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Posts Tagged ‘Reddit’

Frozen Books

April 17, 2014 | by

wet books richard cubitt

Wet Books, Richard Cubitt

Someone has posted the following to Reddit:

My roommate gets distracted sometimes, and she misplaced her book in the freezer. I’m not making this up.

The pages are warped from moisture and most of them are frozen solid in a block.

How can we save the book?

Thanks!

Cue the Fahrenheit 451 jokes—lots of them. But there were also plenty of practical tips to help the poster with his or her wacky dilemma. These include (but are not limited to) blotting the pages with paper towels and/or rice; allowing the book to dry in a cool room so as to slow melting; rubbing the paper with vinegar to prevent mildew; and, if all else fails and the poster deems the book worth it, investing in a vacuum pump and creating an at-home distiller. Read More »

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What We’re Loving: Don B., B. Dole, /u/backgrinder

March 7, 2014 | by

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“How hard was it to supply archers arrows in ancient battles?” Bryson Burroughs, The Archers, 1917.

Sozzled novelists (aka, lit lit) seems to be the thing to write about lately, but it’s more fun to read great writers making fun of great writers drinking a lot. In one of his short pieces originally written for The New Yorker’s Notes and Comment section (more quotidian than Talk of the Town and funnier than Shouts and Murmurs, it’s a section I wish they’d revive), Donald Barthelme describes having received a questionnaire from Writer’s Digest that inquired about his drinking habits. Asked if he’s a light, medium, heavy, or “other” drinker, Barthelme says medium: “Light is sissy and Heavy doesn’t go down so well with Deans, Loan Officers and Publishers, and who in the world would want to be Other?” Only a few days before reading this gem, I’d discovered Niccolò Tucci’s essay on drunkenness in issue 19 of The Paris Review. Tucci starts by recounting a pop-sci study on the hangover. We’d do well to heed one of its findings: “Alcohol itself is perfectly harmless. It cannot be blamed for anything … not even for death. What kills you is malnutrition. Drinkers forget to eat. If they ate more, they could drink more. In fact, obesity kills more people than alcohol. People should eat much less.” —Nicole Rudick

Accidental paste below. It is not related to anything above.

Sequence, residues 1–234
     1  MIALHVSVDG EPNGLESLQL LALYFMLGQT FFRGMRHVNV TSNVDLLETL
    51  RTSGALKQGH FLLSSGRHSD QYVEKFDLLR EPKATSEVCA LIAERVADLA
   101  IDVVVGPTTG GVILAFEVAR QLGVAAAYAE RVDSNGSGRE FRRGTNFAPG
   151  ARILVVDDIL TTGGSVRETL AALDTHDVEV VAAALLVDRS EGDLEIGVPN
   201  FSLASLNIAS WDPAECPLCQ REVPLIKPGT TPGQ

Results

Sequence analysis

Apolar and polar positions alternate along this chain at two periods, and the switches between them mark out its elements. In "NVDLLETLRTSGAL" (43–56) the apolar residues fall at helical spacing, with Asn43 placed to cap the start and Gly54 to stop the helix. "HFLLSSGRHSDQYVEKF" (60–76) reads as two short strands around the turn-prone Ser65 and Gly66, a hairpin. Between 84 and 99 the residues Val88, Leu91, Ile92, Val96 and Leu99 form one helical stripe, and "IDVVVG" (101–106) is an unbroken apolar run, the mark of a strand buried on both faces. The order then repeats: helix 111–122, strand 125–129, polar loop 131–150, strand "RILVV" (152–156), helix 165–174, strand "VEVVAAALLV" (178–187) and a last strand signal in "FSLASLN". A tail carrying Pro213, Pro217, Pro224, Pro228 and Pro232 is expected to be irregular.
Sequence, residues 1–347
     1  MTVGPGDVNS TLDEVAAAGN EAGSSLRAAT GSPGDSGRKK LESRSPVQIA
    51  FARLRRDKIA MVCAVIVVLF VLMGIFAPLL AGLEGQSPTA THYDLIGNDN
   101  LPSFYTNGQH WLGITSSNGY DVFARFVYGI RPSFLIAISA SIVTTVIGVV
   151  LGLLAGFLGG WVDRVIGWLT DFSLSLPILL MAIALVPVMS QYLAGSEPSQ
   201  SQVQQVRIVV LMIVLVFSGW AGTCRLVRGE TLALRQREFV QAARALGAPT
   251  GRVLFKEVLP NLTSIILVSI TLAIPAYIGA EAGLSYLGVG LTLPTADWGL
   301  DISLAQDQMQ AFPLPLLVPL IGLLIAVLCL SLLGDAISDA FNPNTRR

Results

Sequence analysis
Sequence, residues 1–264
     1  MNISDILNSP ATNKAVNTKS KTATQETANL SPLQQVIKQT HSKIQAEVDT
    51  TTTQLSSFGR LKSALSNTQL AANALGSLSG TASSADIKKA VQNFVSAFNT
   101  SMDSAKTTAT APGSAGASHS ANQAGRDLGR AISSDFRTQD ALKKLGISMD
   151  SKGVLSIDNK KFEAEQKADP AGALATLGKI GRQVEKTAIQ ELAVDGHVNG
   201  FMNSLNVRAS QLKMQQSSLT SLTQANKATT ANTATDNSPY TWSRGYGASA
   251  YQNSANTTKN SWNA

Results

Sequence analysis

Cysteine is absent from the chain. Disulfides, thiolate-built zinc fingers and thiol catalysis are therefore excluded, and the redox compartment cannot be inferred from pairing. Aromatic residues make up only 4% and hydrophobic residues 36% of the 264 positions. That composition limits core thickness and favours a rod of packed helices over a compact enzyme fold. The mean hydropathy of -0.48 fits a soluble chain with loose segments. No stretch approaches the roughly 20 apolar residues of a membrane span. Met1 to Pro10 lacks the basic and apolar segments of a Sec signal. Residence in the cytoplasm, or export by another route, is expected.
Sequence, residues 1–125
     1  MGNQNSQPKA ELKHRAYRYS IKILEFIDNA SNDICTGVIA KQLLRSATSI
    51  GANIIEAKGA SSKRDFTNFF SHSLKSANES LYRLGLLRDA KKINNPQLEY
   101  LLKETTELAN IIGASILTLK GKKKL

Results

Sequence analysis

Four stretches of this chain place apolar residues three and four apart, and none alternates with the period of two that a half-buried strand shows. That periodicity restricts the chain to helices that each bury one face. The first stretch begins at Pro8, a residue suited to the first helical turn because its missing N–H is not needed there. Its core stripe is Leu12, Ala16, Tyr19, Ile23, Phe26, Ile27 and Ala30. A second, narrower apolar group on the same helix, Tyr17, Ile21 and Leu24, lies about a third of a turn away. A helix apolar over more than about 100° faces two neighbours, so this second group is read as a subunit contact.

Steve Jobs famously quipped, “People don’t know what they want until you show it to them”—which is often how I feel about the content I find on Reddit, the Internet’s ultimate rabbit hole. Mastering the abbreviated jargon can take some time, but it’s well worth the plunge; I tumbled in, head first, after The Paris Review’s recent AMA. Take, for instance, /u/backgrinder’s response to the very reasonable, if incalculably arcane, question, “How hard was it to supply arrows to archers in ancient battles?” (TL;DR: Surprisingly hard.) —Stephen Andrew Hiltner

I have Bob Dole’s voice in my head, and it’s Richard Ben Cramer’s fault. “Dole’s voice was made for the empty distance and mean wind of the prairie,” Cramer writes in What It Takes: The Way to the White House, his thousand-page opus on presidential politics, published in 1992. Cramer died last year, and I’ve been meaning to delve into this book ever since—for once, the promise of the flap copy is no exaggeration. “An American Iliad in the guise of contemporary political reportage, What It Takes penetrates the mystery at the heart of all presidential campaigns: How do presumably ordinary people acquire that mixture of ambition, stamina, and pure shamelessness that makes a true candidate?” In writing about it here, I’ve bitten off more than I can chew; there’s no way to convey how exhaustively researched it is, how lovingly chronicled, how immaculately well-written. All I can say is that it drove me not just to feel a deep kinship with someone like Bob Dole but to watch the entirety of a Dole debate from the eighties, and to enjoy it. Publishers always like to claim that a given work of nonfiction “reads like a novel,” and it’s so seldom true—but What It Takes has the scope, pace, style, and psychological acuity of the best fiction. —Dan Piepenbring Read More »

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Because, and Other News

January 8, 2014 | by

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  • The American Dialect Society—how do we join?—has voted because the word of the year. They chose because because becauseexploded with new grammatical possibilities in informal online use.”
  • In the Midwest, towns are living without Borders. (The defunct bookstore chain, not the metaphorical limitation.) Some independent bookstores have even cropped up in its place.
  • How did Reddit’s brilliant AMA series go from geeky to mainstream? (Did you know The Paris Review did one last year?)